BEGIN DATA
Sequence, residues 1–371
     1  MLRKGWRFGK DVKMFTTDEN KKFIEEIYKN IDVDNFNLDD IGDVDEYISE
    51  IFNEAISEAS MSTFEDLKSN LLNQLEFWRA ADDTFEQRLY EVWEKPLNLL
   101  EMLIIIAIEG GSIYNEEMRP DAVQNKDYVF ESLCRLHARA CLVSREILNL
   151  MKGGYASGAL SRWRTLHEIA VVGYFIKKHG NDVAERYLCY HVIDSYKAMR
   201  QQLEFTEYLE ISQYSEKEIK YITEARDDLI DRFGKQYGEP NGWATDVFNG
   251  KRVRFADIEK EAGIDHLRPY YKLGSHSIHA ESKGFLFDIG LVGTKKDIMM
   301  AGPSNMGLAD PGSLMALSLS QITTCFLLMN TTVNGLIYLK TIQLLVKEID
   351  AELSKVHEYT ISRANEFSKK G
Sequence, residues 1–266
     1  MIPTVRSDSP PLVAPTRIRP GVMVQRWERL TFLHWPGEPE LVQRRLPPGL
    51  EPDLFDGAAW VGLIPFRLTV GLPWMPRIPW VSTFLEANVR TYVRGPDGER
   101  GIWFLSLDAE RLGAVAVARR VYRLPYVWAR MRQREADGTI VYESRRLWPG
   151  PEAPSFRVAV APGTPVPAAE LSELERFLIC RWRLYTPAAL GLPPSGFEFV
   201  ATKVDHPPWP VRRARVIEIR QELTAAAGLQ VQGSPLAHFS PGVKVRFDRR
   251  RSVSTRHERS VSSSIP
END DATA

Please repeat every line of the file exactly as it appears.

Sequence, residues 1–371
     1  MLRKGWRFGK DVKMFTTDEN KKFIEEIYKN IDVDNFNLDD IGDVDEYISE
    51  IFNEAISEAS MSTFEDLKSN LLNQLEFWRA ADDTFEQRLY EVWEKPLNLL
   101  EMLIIIAIEG GSIYNEEMRP DAVQNKDYVF ESLCRLHARA CLVSREILNL
   151  MKGGYASGAL SRWRTLHEIA VVGYFIKKHG NDVAERYLCY HVIDSYKAMR
   201  QQLEFTEYLE ISQYSEKEIK YITEARDDLI DRFGKQYGEP NGWATDVFNG
   251  KRVRFADIEK EAGIDHLRPY YKLGSHSIHA ESKGFLFDIG LVGTKKDIMM
   301  AGPSNMGLAD PGSLMALSLS QITTCFLLMN TTVNGLIYLK TIQLLVKEID
   351  AELSKVHEYT ISRANEFSKK G
Sequence, residues 1–266
     1  MIPTVRSDSP PLVAPTRIRP GVMVQRWERL TFLHWPGEPE LVQRRLPPGL
    51  EPDLFDGAAW VGLIPFRLTV GLPWMPRIPW VSTFLEANVR TYVRGPDGER
   101  GIWFLSLDAE RLGAVAVARR VYRLPYVWAR MRQREADGTI VYESRRLWPG
   151  PEAPSFRVAV APGTPVPAAE LSELERFLIC RWRLYTPAAL GLPPSGFEFV
   201  ATKVDHPPWP VRRARVIEIR QELTAAAGLQ VQGSPLAHFS PGVKVRFDRR
   251  RSVSTRHERS VSSSIP